There are two fundamental reasons for my skepticism:  First, the policy problems are fiendishly difficult.  For example, suppose you decide that competition among doctors would reduce their fees, and so you enlarge medical schools, and allow more doctors to immigrate to this country.  There are places in the United States where having many doctors (especially surgeons) has led, not to more competition and lower fees, but to more unnecessary treatment, and higher costs.

Or, take an opposite example; instead of relying on markets to improve treatment and lower costs, suppose you try to improve treatment with better bureaucracies, with, for example, consolidated treatment centers, as ObamaCare does.  There is evidence that those consolidations have increased costs, especially in rural areas.

Second, the politics of the problems are awful, especially for elected Republicans.   Most of us are happy with our coverage and the fact that someone else — more and more our fellow taxpayers — is paying our bills.  Any reform that controls costs will upset some of the special deals that so many of us have.

And to make it worse, it isn't just money; any serious reform will cost some lives.   Example:  Suppose a state decides to tighten its vaccination requirements for schoolchildren.  Those additional vaccinations will save some lives — and cause a few deaths, because of those rare bad reactions to vaccinations.  The saved lives will be invisible except to medical statisticians; the deaths will be publicized.

Because of those two great problems, an informed and prudent political leader would tackle health care reform very carefully.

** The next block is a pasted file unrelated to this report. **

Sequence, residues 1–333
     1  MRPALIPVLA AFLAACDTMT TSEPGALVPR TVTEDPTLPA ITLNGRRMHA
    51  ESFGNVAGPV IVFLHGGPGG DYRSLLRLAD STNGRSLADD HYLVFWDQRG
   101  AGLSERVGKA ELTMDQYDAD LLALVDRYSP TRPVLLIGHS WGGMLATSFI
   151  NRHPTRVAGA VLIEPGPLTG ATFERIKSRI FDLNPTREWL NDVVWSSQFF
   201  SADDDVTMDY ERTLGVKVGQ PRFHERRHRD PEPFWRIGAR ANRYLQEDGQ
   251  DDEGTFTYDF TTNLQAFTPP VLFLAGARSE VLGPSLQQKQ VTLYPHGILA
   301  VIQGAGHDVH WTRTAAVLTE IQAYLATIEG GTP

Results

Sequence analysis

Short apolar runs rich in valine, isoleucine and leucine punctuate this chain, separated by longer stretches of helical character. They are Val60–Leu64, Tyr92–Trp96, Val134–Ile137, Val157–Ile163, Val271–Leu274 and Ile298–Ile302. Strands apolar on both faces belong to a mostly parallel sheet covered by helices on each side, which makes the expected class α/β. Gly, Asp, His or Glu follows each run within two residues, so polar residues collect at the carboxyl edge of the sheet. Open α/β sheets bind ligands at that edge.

And definitely would not rush any reform, without thinking it through, and preparing the public.
- 4:10 PM, 20 July 2017   [link]


Parents of Finicky Eaters Will Appreciate this cartoon.

And every American should know about it.
What White called "the spinach joke"[5] quickly became one of the New Yorker cartoon captions to enter the vernacular (Peter Arno's "Back to the drawing board!" and Peter Steiner's "On the Internet, nobody knows you're a dog" being other examples), becoming a bon mot of the 1930s, with continued, though diminishing, use into the early 21st century.[6]
Now, wasn't that more fun than another post on a political failure?

(I will do a few failure posts soon, but I am tired of having to imitate Cassandra so often.)
- 2:29 PM, 20 July 2017   [link]


Here's Hoping That John McCain Recovers From His Cancer:   It will be a tough fight.
- 7:02 AM, 20 July 2017   [link]


Location, Location, Location?  People in real estate usually use that phrase to explain why one particular property is more valuable than another.  But it works the other way, too.
- 9:57 AM, 19 July 2017   [link]


"A Mobile Phone On Jupiter"  South Africa is building a radio telescope array, MeerKAT, so sensitive that it could detect a "mobile phone on Jupiter", according to a BBC story (probably this one) I saw this morning.

The scientists aren't planning to use it for that, of course, but that will give you an idea of just how sensitive the array will be — and why they are building it out in the desert, away from mobile phones, and other human sources of radio waves.